To create a model of enzyme-nucleosome binding at U+22N1, the high-resolution part of the RosettaDock protocol was used for all-atom optimization of both backbone rigid-body orientation and side-chain conformation20, 21. Using the visualization software PyMOL (http://www.pymol.org), the starting structure of docking partners was prepared by superimposing the DNA segment of the UNG-DNA complex (PDB 2OXM) onto the nucleosome DNA (PDB 3MVD). In the superposition, the extrahelical base B5 in the enzyme-DNA complex was aligned to match the position of the probed base U+22N1 in the nucleosome DNA. Based on the UNG-DNA binding mode, base U+22N1 must flip out of the DNA helix to allow the residue Leu272 in the UNG active site to enter into the minor groove. To satisfy this precondition, the backbone atom coordinates of nucleotides +21N1 to +25N1 in the nucleosome DNA (PDB 3MVD) were replaced by the B4–B8 backbone coordinates in the superimposed DNA segment (PDB 2OXM), without changing the original DNA sequence. Using PyRosetta22, the high-resolution docking simulations were then conducted with the structure of the superimposed enzyme and the modified nucleosome applying Rosetta’s DNA scoring function23. No artificial constraint potentials were employed to bias the binding. The simulation generated 20 candidate models. The model with lowest interface energy was selected and shown in Figure 7.
Three substantial advantages of studying the high affinity 601 DNA sequence as opposed to other lower affinity histone-DNA binding sequences are (i) the DNA is held in a single register in the NCP, diminishing the contribution of alternative binding modes, (ii) a high resolution crystal structure has recently been solved of the 601 DNA in complex with Xenopus laevis histones (PDB 3MVD),14 and (iii) restriction enzyme reactivities have been mapped along the sequence, providing a valuable point of comparison12. We utilize these favorable attributes in the analyses of the UNG reactivity data.
Using an appropriate dUTP/TTP ratio, 601 DNA strands containing on average one U/A pair per strand were synthesized by DNA polymerase primer extension, thereby generating a population of DNA molecules where each thymine was substituted with uracil. Such constructs allow the global assessment of the steady-state initial rates for hUNG reaction at each uracil site along the DNA for both free and nucleosome-bound DNA (Fig. 2a, b and Fig. S2). Due to the modest flanking sequence preferences of hUNG for free 601 DNA (Fig. 2a), different U/A base pairs showed reactivities that differed by as much as 5-fold (Fig. S3a)24. Preferred cleavage sequences were AUA, TUA and CUA, and less reactive sequences were TUC, AUT and GUC, which is similar to the flanking base trends previously observed with Escherichia coli UNG25. In contrast to free DNA, the cleavage rates in the context of the NCP vary by over two-orders of magnitude (Fig. 2b and S3b), with no obvious sequence trends, suggesting that DNA sequence plays a minor role, and that other determinants dominate.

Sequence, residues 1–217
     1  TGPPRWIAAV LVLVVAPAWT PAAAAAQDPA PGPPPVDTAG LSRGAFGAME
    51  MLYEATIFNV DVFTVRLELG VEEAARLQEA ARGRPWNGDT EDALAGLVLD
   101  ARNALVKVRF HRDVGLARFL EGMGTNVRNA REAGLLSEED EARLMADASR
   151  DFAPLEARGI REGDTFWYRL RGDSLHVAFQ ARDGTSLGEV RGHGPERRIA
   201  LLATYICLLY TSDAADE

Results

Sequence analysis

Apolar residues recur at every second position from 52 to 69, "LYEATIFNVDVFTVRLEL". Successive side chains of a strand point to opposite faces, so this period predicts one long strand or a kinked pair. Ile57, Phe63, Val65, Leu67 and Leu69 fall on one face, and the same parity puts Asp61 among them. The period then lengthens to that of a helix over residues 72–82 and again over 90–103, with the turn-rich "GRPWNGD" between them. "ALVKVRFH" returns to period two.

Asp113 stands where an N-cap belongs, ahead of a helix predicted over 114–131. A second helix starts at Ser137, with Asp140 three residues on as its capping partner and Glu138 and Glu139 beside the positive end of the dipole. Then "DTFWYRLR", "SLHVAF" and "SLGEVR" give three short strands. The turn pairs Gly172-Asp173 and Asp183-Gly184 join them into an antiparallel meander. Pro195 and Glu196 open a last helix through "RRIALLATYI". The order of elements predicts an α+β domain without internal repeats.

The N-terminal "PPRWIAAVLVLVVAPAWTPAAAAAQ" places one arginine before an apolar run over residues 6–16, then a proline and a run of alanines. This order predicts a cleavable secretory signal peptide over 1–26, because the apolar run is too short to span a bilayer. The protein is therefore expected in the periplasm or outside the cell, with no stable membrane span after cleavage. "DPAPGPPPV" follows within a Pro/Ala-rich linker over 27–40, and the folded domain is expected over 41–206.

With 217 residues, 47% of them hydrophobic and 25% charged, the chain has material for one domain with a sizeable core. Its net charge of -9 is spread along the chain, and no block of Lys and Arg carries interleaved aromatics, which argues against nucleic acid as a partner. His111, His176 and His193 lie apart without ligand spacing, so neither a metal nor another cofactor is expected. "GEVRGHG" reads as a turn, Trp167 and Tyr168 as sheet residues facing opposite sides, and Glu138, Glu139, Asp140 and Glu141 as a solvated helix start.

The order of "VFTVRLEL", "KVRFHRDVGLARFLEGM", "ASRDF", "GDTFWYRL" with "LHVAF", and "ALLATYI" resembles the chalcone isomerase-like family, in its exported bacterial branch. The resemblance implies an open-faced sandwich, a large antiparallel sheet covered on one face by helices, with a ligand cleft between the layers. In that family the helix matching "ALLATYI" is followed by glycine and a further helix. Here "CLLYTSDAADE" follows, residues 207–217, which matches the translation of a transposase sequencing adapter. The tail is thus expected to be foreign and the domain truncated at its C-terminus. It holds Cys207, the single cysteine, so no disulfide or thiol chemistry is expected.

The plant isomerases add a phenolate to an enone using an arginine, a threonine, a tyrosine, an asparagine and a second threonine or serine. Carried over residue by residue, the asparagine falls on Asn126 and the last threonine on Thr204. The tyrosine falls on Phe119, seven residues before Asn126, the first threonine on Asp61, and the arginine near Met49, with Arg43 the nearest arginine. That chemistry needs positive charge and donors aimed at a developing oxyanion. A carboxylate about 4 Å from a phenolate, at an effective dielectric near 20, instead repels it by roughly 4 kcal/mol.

Unlike restriction enzymes, which show a ~10−4 decrease in the efficiency of cleaving their sites as the site is moved from near the DNA entry/exit sites towards the NCP dyad axis12, the distribution of UNG reactive and unreactive uracil sites across the entire 601 sequence are not clearly related to position relative to the DNA dyad (Fig. 2c, 2d). Thirty-six of the total fifty-two NCP uracil sites showed zero to 10% of the activity compared to the same site in free DNA, fourteen showed 10 to 60% of the activity, and two sites showed roughly equal, or even two-fold greater activity than free 601 DNA (sites U−32N1 and U+22N1, respectively) (Fig. S4). These reactivity trends, at the very least, indicate that additional mechanisms above and beyond DNA unwrapping must be operative. Thus, local dynamic events or the unique conformations of individual sites must also be important in determining UNG reactivity.
It is reasonable to expect that UNG-reactive uracil sites might be correlated with their rotational exposure (or lack of steric hindrance) in the crystal structure of the 601 NCP (PDB 3MVD). The simplest expectation would be that rotationally exposed uracils (i.e. oriented away from the histone surface as observed in the structure PDB 3MVD), would be the most reactive, and buried uracils (oriented against the histone surface) would be the least reactive, as has been previously suggested5, 6. However, it is also possible that otherwise rotationally exposed residues may also be hindered to the action of UNG due to changes in duplex structural properties or interfering histone side chains.
We looked for possible correlations of the site reactivities with the sensitivity of the 601 DNA sequence to both potassium permanganate, which probes accessibility of the 5, 6 double bond of thymidine residues (a surrogate for uracil in the uracilated 601 substrate, Fig. 3a), and hydroxyl radicals, which probe the width of the DNA minor groove26, 27. Only seven thymidine sites on both DNA strands in the context of NCPs were found to be especially permanganate sensitive (red squares, Fig. 3a, 3b). These sites were also reactive in the free 601 DNA, suggesting that the DNA sequence context of these thymidines plays a substantial role in determining their sensitivity to permanganate in both the free DNA and in the NCP. Importantly, all seven of the permanganate sensitive sites were rotationally exposed in the structure, but only one (U−39N1) was reactive to UNG. Comparing UNG reactivity results with previously reported NCP hydroxyl radical sensitivity data28, we found that only 15/26 sensitive sites were also UNG reactive (Fig. 3b, solid and dashed lines). Thus we find no strong relationship between the reactivity of UNG and small molecule structural probes, even though the reactivity of the small molecules corresponds well with rotational exposure of the site. We conclude that the reactivity of UNG must have higher-order requirements and that these requirements may involve duplex structural properties, the presence of interfering histone side chains, or the flexibility of the site in addition to its exposure (see below).